Gavin | 22 September 2017

The problem as I see it is not the attempt to be objective - but claiming to be objective. By reflecting the views of as many sides as possible (yes - multiple, not just two) is a better way of approaching the elusive goal of objectivity. No matter how bad we perceive the baddies to be - I'd like to know their evil intentions.
AURELIUS | 22 September 2017

There was a provocative article in The conversation a few years ago called 'No, you're not entitled to your opinion'. < https://theconversation.com/no-youre-not-entitled-to-your-opinion-9978 > The author, a lecturer in philosophy at Deakin Uni, argued that one is only entitled to what one can argue for. That's the position that The Guardian took in respect to the current 'debate' about marriage equality. Unfortunately Fairfax didn't and so un-reasoned opinions like those of the Member for Warringah were reported presumably because it was 'news' because it came from him.
Ginger Meggs | 22 September 2017

Although “journalists must decide what is in the public interest”, increasingly the public don’t believe journalists to be trustworthy. A 2016 Gallup poll found only 32% of Americans trust the mass media. A 2017 Quinnipiac poll showed that 70% of young people aged 18-34 actually think most members of the news media are dishonest. When Marshall Kirk and Hunter Madsen drew up their six-point plan to transform the beliefs of ordinary Americans with regard to homosexual behaviour, their method was “a planned psychological attack in the form of propaganda fed to the nation via the media”. Further, “our effect is achieved without reference to facts, logic, or proof.” Indeed, it’s the YES campaign with emotive slogans like “marriage equality” that is running “not on facts and evidence”. The chief appeal of the sexual politics of the Marxist Herbert Marcuse, was not intellectual but emotive, so that for those seduced by his spell, the underlying banality of his thinking disappeared. So if “our public discourse has gotten more polarised” we can thank gullible journalists seduced by the banality of sexual politics.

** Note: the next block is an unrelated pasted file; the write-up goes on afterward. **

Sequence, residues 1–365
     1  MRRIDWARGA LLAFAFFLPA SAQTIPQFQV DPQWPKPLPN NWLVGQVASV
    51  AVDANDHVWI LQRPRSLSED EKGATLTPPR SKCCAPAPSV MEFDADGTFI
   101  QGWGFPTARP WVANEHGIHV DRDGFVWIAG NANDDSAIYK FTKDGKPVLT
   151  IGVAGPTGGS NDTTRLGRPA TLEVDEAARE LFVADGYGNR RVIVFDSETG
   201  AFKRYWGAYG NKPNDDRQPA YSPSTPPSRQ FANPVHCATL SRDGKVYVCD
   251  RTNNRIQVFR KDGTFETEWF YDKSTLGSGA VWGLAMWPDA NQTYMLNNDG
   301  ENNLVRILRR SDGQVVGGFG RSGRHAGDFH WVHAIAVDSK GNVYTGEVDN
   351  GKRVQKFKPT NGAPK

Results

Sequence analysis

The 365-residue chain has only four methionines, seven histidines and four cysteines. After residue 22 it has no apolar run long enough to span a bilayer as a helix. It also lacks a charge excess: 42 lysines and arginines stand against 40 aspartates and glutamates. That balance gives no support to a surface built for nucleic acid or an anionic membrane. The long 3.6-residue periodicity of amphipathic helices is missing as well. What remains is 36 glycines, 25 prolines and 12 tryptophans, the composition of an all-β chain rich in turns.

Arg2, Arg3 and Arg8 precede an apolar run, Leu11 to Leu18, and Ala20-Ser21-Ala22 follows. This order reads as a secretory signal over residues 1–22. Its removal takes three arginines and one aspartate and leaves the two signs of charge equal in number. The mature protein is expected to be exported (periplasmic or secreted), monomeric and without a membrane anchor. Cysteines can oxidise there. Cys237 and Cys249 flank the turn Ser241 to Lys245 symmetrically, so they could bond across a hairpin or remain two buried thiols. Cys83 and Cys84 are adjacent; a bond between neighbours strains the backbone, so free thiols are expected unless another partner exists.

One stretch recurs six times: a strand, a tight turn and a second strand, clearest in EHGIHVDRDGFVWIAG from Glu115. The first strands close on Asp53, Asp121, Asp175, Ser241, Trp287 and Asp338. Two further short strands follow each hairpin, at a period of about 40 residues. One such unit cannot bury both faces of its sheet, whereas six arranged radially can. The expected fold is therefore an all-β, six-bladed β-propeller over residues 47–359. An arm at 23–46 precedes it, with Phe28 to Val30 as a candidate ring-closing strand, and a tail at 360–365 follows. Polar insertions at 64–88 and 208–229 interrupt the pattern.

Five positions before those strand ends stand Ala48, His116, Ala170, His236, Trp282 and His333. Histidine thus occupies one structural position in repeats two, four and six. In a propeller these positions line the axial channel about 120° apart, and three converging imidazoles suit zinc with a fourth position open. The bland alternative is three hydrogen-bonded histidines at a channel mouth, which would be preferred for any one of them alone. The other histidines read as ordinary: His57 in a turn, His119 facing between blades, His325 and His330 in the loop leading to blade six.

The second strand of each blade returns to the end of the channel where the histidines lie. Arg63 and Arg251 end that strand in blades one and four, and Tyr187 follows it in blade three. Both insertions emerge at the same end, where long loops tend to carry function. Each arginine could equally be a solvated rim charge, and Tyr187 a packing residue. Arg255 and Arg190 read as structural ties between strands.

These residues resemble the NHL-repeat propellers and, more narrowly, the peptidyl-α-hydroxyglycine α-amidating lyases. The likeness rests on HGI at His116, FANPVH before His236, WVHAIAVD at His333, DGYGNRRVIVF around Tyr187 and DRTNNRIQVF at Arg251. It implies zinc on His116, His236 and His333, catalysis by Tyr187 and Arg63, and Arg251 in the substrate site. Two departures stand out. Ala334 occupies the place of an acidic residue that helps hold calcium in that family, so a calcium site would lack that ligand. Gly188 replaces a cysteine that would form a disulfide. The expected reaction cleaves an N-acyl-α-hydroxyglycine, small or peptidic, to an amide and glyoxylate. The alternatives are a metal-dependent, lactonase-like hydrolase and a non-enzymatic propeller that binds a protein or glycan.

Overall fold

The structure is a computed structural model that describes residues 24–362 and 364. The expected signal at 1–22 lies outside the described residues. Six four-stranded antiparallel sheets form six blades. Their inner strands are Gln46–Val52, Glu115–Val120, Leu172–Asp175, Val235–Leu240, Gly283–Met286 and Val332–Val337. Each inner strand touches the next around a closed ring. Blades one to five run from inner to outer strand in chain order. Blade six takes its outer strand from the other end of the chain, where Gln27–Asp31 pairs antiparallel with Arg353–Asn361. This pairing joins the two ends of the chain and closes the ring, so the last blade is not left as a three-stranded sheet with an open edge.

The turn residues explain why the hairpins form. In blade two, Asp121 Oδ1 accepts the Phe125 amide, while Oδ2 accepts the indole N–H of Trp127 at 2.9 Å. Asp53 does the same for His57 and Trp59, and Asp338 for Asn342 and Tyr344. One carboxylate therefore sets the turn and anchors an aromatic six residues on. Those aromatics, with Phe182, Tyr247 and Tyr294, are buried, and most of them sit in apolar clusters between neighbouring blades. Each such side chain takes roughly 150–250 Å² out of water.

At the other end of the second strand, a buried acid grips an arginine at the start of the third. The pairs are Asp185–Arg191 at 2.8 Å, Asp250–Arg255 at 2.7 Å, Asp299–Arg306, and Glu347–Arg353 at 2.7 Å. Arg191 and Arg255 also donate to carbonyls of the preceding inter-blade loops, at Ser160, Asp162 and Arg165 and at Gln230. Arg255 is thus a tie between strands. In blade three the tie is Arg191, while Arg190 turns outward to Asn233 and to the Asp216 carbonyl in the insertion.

Ross Howard | 22 September 2017

As one Guardian journalist phrased it, Ginger Meggs, they refused to publish anything spurious as regards the marriage debate which accordingly only existed on the NO side as anything other than the religious argument - doomed to failure in relation to a civil claim yet it is the NO that argues rationally from the basis of anthropology, philosophy and science rather than emotively as Ross Howard illustrates. Let us not forget other little tricks like the size and type of photo placed alongside articles as well - that is not balanced and reading/thinking critically is an essential skill when opinions rule over the search for truth.
Gordana Martinovich | 25 September 2017